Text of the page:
But is the saga really over? Have we really heard and felt the last of the longest divorce in history? Of course we have not. Britain is now facing a new relationship with our closest neighbours and trading partners, but if we continue the marital metaphor, with our own family too.

The referendum told us many things about Britain. It told us that we are a proud and naturally independent people. A people that never really fitted into a union. It told us that in more ways than one. The electorate in Scotland and Northern Ireland took a very different view of the EU to those in England and Wales. They showed just how independent they could be too.

The United Kingdom is now on borrowed time. Even the most ardent unionists know that it cannot be held together for much longer. Brexit has not united the kingdom, it has split it asunder. The four nations that constitute it are now little more than the remnant of empire, one that has been long consigned to history. The parliamentary system and anachronistic constitution have been battered by infighting and factionalism to the point of atrophy.

Those who read the history of the latter half of the 20th century will know that the UK was in pretty poor shape before it joined the European Economic Community in the early 1970s. With its derelict industrial base ruled by all powerful and dictatorial labour unions and a management structure fixated by antiquated practices, the UK was on its last legs. Struggling with massive debt, going cap in hand to the International Monetary Fund for bailouts, a total basket case.

We have no need to fear a return of those times. Our long membership of the EU, and in particular what Britain brought to the EU, was well reciprocated. The hard line Brexiteers might dream of returns to a bygone age, but they should be careful what they wish for. In any case, our time with Europe proper taught us to be European. There was little about pre Common Market Britain that many would want to return to.

So what does the future look like for the UK, or more to the point does it have one? We know that Scotland will soon be demanding a new independence referendum of its own. At the moment, while the language may be harsh, Scotland has only asked for one. It is obvious that the Westminster government cannot resist that indefinitely. The referendum is coming, and coming soon.

It is only a matter of time before the Border Poll is called in Ireland. Those who drafted and implemented the Good Friday Agreement always knew that the eventual outcome was a united Ireland, and it still is. It will not be long before Scotland and Ireland have gone — and with that the UK will be gone.

It is not so much the two nations leaving the UK, but the UK being dissolved in its entirety. Not only will Scotland become a new independent nation, so will England and Wales. Ireland will become part of the Republic and the EU automatically. The United Kingdom, Britain, will be gone as a political entity, it will cease to exist as a nation.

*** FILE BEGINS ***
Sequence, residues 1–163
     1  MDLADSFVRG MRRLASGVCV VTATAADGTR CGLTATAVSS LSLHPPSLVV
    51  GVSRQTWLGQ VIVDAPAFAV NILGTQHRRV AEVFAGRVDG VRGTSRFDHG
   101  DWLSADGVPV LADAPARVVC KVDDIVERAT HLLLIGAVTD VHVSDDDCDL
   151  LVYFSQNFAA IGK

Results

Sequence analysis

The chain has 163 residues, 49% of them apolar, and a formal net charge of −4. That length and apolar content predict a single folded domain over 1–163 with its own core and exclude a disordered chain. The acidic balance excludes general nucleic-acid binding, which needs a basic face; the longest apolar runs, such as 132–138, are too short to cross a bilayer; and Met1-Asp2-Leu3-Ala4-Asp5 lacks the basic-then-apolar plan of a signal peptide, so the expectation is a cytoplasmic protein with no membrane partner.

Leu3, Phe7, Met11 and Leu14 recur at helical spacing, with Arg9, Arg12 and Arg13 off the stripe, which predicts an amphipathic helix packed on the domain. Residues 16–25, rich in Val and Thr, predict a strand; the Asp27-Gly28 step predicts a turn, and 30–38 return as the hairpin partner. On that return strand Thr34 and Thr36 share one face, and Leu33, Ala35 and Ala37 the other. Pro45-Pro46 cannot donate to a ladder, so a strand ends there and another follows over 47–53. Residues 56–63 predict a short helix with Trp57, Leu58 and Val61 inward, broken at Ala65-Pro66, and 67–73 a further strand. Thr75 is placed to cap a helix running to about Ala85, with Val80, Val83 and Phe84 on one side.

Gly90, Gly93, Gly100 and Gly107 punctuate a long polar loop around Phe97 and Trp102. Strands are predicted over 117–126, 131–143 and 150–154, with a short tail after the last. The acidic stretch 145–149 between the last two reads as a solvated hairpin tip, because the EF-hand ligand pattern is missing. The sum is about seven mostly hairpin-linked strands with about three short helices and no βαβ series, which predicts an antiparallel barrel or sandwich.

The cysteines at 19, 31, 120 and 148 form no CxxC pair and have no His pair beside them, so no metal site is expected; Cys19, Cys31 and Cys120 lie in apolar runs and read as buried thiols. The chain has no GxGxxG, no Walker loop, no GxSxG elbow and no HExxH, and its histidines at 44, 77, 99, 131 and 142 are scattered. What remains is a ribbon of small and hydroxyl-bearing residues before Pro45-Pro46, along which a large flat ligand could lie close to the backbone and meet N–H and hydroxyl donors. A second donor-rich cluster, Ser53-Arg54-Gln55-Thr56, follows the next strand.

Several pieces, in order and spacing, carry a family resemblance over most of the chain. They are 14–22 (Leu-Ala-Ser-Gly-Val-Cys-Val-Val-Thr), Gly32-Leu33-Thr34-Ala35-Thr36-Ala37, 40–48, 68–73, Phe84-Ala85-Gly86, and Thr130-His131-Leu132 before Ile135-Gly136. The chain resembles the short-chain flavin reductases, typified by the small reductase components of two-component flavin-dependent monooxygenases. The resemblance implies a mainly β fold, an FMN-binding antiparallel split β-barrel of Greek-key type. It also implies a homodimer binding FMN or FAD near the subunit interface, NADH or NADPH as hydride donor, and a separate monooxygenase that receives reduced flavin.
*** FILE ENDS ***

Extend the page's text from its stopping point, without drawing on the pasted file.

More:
The deal just done with the EU will cease to be in force and will have to be renegotiated because the UK will no longer exist as a state.

So here’s the rest of the deal to come. England will regain its independence and there will be no justification for the Westminster Parliament. A small federation of autonomous regions will be more democratic.

England will not be a part of NATO or any other international treaty and neither will Scotland. As new states, they will have to renegotiate membership of all international and supra national organisations.

The British military will be dismantled as the Scots and Irish regiments will no longer be a part of a British Army. The nuclear submarine base at Faslane will have to be either moved or closed. The North Atlantic will no longer be patrolled by the RAF, so Russian reconnaissance aircraft will have a free rein between Norway, Scotland and Iceland.

The role of the Monarchy will need to be totally redefined and much diminished as part of the constitutional democracy.

All maritime resources including much of the current UK fishing grounds will go to Scotland and Ireland, as will what is left of North Sea oil and gas.

The last remnants of empire will be gone for good. When the curtain comes down, it is time to leave the stage. Merry England can then step down from its self-perceived world role and begin to operate like Sweden or Norway.

Those who planted the independence seed in their desire for a ‘free’ United Kingdom set free the independence genie from the union bottle. No amount of bluster or panegyric will put it back

I Iook forward to obtaining my English passport without a care at all what colour it might be.

Barry Turner is Senior Lecturer in Media Law and Public Administration at the University of Lincoln.